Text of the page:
Recently I stumbled on an 1834 tool catalog from Holtzapffel & Co. in London that describes every tool a 19th-century woodworker could ever want, from planes to wrenches to chisels to tools I’ve never seen (brass straightedges, Water of Ayr sharpening stones, crow irons).
Naturally, there is a section on workbenches. Of course, I’ve pored over it. And I am intrigued and a little bewildered a bit by some of its details.
The Holtzapffel company offered a number of “planing benches” designed for joiners and even offered a drawing of it on the second page of the catalog, which I’ve shown above.
Now here’s the description of the bench:
“521 PLANING BENCH of beech-wood, framed with screw bolts, two side screws at the front, and one end screw, framing to correspond, with the sliding bench hooks, to serve as a Vice, opening 5 feet, a case moving upon rollers, with eight drawers, one tray, and partitions for each tool, made to fasten with one lock, also a well at the bottom, with a slide, and long drawer underneath.”
Then follows a long description of tools supplied with the bench. Then the catalog describes all the ways you can buy the bench without tools, from 4′ long to 7′ long and with different vise configurations.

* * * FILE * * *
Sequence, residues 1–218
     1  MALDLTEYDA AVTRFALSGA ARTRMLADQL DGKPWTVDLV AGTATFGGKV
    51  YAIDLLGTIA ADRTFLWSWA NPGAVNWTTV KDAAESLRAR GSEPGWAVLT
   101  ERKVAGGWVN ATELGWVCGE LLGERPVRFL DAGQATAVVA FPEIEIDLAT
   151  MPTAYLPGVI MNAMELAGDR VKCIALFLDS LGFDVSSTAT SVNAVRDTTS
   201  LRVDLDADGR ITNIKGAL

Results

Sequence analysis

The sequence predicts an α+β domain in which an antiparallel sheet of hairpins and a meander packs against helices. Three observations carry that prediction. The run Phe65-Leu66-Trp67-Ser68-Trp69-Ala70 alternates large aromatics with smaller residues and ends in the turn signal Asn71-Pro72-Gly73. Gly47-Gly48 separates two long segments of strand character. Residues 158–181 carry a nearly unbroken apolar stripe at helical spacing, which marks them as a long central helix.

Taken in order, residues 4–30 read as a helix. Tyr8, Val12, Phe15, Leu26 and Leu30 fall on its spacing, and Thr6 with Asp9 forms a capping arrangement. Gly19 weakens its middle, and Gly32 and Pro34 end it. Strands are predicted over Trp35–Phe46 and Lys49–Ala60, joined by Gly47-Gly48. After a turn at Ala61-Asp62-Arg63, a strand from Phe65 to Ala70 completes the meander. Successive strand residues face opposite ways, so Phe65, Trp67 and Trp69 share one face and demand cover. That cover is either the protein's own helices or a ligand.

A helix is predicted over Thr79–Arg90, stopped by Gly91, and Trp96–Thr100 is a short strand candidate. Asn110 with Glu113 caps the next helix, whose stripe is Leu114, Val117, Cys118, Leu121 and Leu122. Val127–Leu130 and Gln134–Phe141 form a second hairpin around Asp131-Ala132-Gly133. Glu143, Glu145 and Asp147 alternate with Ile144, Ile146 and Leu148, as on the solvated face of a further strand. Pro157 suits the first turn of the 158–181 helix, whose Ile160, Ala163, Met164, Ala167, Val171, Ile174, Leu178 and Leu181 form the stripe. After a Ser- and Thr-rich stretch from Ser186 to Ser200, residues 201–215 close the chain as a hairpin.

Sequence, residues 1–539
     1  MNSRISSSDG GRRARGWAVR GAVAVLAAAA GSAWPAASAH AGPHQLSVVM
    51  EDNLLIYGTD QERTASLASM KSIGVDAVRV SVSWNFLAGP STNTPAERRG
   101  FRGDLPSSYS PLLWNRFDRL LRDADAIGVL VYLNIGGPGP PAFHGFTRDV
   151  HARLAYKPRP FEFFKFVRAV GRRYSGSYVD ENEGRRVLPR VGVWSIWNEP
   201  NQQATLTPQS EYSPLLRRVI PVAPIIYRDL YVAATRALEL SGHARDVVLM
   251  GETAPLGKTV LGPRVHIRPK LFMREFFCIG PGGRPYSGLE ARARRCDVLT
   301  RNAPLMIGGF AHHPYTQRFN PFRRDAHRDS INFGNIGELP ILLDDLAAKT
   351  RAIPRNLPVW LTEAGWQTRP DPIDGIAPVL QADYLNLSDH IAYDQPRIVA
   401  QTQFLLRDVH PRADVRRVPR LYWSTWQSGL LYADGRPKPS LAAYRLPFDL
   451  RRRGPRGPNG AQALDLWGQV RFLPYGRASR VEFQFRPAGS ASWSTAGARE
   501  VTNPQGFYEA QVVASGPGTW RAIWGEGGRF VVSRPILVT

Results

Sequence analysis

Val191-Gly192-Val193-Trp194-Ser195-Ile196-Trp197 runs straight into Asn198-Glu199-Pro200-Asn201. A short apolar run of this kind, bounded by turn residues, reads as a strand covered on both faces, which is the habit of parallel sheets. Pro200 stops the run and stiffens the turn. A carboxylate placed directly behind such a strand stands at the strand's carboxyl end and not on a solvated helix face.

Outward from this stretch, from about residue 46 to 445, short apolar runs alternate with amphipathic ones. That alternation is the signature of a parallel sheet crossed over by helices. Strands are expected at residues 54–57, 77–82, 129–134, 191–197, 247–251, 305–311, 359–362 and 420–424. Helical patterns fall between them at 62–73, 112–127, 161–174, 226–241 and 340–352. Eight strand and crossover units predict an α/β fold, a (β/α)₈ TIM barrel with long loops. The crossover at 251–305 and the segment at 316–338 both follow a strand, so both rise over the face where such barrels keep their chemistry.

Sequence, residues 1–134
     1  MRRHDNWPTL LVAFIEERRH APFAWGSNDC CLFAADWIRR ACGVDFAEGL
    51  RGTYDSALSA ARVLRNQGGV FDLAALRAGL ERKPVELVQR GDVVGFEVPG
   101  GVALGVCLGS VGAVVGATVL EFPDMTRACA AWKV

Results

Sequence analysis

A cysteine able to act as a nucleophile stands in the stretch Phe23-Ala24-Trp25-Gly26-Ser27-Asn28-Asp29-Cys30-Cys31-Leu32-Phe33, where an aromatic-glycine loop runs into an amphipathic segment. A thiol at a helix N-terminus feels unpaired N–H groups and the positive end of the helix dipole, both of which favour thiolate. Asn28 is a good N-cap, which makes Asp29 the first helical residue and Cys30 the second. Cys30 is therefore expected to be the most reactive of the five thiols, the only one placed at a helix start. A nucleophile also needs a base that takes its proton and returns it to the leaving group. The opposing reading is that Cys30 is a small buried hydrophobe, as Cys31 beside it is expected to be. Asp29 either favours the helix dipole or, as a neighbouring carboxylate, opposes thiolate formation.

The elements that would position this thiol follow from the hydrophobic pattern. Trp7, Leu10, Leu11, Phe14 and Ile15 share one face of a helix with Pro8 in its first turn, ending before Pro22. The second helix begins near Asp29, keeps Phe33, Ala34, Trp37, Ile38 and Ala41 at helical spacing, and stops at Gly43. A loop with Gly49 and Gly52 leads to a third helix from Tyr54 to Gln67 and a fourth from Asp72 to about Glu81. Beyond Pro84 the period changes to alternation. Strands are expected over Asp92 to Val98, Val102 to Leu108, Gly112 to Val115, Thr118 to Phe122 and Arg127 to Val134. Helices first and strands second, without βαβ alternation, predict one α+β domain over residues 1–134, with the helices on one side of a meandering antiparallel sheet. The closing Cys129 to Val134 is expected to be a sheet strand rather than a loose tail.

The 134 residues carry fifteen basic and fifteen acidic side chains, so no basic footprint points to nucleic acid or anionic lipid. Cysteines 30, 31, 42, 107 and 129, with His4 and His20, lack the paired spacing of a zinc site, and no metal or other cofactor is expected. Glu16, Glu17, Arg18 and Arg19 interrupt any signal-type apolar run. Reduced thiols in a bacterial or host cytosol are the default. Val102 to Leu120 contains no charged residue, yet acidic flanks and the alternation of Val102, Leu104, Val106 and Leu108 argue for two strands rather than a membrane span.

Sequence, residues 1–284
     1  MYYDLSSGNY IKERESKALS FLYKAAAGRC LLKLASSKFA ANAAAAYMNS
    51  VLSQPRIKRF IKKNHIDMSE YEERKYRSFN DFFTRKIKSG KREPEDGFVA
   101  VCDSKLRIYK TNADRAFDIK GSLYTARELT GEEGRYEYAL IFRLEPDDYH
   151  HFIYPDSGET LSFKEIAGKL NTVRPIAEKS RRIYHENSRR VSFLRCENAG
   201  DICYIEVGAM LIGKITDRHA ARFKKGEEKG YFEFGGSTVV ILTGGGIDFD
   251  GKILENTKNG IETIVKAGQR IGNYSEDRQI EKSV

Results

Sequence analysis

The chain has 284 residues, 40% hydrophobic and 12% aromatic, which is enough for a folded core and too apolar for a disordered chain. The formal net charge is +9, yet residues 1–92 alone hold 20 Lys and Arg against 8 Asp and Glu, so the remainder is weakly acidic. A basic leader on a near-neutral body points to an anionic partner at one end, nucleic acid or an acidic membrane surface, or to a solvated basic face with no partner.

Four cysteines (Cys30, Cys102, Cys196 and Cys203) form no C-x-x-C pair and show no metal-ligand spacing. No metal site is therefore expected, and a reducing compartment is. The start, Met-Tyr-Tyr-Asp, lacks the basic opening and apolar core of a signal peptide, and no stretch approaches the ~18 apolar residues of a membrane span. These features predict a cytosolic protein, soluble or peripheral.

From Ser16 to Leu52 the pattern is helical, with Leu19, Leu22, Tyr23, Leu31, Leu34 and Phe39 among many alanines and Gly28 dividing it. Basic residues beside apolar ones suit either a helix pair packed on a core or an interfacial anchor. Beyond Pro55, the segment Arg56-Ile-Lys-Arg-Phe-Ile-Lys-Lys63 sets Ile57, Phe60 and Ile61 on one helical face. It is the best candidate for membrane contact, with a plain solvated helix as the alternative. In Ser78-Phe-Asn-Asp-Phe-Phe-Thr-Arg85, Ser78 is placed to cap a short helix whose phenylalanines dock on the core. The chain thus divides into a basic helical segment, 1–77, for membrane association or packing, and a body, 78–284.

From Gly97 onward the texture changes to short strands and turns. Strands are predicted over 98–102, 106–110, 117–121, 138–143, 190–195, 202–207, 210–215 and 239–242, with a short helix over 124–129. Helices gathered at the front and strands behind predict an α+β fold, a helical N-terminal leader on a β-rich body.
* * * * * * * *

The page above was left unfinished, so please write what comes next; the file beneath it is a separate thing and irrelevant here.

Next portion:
So let’s break down the description and see what you would get with this bench.
1. It’s framed with screw bolts. I assume this is to make the bench easy to break down and ship to the customer. No surprises there.
2. Two side screws at the front. This is, I assume, a twin-screw vise at the front left of the bench.
3. “(O)ne end screw, framing to correspond, with the sliding bench hooks, to serve as a Vice, opening 5 feet.” The end screw is, I assume, a tail vise. What are “sliding bench hooks”? Joseph Moxon and other English sources use the words “bench hooks” to refer to planing stops or bench dogs. So a sliding bench hook could be a moving dog, like the moving dog in a tail vise or wagon vise. The 5′ dimension is the maximum dimension between the dogs.
4. “(A) case moving upon rollers.” Hey this is neat. These benches have a toolbox that slides under the bench. This keeps your tools handy and allows you to push them out of the way for clamping or storage.
5. “(A) well at the bottom, with a slide.” This is a bit confusing. I assume the well is the area between the stretchers, but I’m not following what the “slide” would be. Perhaps that is what the tool case moves upon.
In any case, I like the idea of the sliding tool cabinet. It would provide storage that wouldn’t get in the way of clamping. If I added one to my workbench, I’d place it behind my sliding deadman so that both could be positioned anywhere as needed.
Excuse me while I go scratch my itching SketchUp finger.
– Christopher Schwarz
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